University of Saint Francis – Chapel

Project Completed in
Fort Wayne, IN

Project Features

Freestanding Chapel (6,000sqft)

Green Space

Choir Loft

Adoration Space

Project Description

Tonn and Blank served as construction manager for the University of Saint Francis (USF) – Achatz Hall of Science and Research, while also working on the Chapel project. Collaborating closely with USF, Tonn and Blank ensured the University’s mission and project goals were met through the design and construction of the new Hall of Science and Chapel.

The new 6,000-square-foot Chapel in the center of campus, with the steeple being the tallest point on campus, now seats 250 people with a 360-degree view of the university. Green space surrounding the building and close access to parking makes it a great experience for visitors. The Cupola is a distinctive feature of the new building as well as the interior. The Chapel, designed by a Liturgical Architect at Design Collaborative, has a choir loft, adoration space and other features.

university of saint francis chapel construction

A free-standing Chapel had always been a part of the University of Saint Francis’ master plan. However, it was never built. Since the early 90s, Chapel was held in Trinity Hall and could only hold 100 people. Throughout its history, the University has grown and expanded. The Sisters were always hopeful for a free-standing Chapel to serve their students and the surrounding community.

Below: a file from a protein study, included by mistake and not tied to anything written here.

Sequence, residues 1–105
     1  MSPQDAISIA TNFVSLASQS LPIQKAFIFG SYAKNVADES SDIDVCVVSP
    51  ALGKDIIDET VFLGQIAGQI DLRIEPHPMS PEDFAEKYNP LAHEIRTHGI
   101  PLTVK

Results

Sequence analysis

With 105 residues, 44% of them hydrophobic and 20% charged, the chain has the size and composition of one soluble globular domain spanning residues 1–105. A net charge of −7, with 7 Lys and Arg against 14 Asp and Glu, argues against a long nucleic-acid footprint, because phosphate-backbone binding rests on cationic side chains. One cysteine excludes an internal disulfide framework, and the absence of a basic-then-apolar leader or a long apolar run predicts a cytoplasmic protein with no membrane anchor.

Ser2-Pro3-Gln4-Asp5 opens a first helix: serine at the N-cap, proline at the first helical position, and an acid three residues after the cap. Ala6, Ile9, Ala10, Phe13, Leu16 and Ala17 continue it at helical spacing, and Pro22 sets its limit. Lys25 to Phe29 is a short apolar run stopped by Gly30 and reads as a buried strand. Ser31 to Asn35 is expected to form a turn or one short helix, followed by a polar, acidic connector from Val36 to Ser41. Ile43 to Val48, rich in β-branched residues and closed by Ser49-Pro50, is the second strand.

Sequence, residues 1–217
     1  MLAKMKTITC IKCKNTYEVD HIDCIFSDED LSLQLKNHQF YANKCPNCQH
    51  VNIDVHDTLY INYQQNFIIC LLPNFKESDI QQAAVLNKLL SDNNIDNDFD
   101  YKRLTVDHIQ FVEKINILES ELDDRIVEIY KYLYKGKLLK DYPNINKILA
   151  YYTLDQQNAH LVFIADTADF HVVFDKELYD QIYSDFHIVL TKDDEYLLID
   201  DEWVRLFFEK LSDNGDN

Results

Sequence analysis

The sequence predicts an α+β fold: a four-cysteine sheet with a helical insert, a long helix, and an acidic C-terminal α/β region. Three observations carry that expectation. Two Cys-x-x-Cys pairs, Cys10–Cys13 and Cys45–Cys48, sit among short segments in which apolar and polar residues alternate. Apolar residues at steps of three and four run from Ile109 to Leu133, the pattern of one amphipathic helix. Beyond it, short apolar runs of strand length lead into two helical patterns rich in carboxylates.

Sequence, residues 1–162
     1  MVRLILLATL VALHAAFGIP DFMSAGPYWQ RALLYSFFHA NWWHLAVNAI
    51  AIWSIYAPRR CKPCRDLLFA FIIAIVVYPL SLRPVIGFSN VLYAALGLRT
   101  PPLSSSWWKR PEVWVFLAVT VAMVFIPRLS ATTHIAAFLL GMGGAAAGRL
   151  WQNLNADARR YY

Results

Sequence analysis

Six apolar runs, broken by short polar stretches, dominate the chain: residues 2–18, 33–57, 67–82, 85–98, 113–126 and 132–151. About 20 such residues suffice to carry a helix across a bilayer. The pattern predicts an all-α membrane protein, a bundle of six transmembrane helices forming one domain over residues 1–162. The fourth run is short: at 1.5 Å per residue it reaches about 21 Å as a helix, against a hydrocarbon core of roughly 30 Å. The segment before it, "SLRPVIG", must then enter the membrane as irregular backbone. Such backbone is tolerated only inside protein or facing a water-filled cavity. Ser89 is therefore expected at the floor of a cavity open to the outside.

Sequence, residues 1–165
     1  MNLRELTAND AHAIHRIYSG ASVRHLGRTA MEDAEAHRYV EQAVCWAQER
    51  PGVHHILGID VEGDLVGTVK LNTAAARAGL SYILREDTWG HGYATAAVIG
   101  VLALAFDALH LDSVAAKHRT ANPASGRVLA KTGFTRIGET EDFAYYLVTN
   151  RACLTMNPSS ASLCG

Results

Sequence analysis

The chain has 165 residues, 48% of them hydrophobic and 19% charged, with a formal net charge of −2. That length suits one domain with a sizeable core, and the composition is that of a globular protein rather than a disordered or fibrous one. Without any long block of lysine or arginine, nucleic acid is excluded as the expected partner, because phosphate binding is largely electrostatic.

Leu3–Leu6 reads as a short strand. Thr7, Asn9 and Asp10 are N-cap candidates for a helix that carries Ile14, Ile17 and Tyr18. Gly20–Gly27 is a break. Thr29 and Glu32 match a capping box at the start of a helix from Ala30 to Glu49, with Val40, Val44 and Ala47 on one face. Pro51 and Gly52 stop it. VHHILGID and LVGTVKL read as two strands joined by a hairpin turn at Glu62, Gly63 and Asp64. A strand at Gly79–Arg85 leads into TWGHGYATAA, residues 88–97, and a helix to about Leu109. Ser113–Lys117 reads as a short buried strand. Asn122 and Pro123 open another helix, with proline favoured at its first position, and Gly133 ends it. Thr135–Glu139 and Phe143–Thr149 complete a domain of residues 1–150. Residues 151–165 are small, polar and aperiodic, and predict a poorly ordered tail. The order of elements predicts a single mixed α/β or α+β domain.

Major milestones of this construction schedule were during the winter months, so our Off-Site Construction division proved to be invaluable in building the cupola in a temperature controlled environment. The Chapel is a 6,000-sqft, 250-seat facility. The centralized location next to Mirror Lake makes the Chapel a prominent campus landmark, and the new sidewalks guide students and faculty around the building as they navigate campus. The cupola features eight windows, each over 10 feet tall, making the Chapel the tallest building on campus.

In architecture, a cupola is a relatively small, dome-like, tall structure on top of a building. Often used to provide a lookout or to admit light and air, it usually crowns a larger roof or dome. The octagonal cupola is roughly 35 feet tall by 35 feet wide. The cupola was constructed on the ground, then lifted into place on the steel structure of the Chapel. The Chapel is situated between two academic buildings. The new sidewalks guide students, faculty, and staff around the building drawing them into the Chapel’s presence. The Chapel has an adoration Chapel which is open longer hours than the main chapel to serve students and staff. This new building allows more space and time for spiritual reflection and growth by the students, faculty and staff.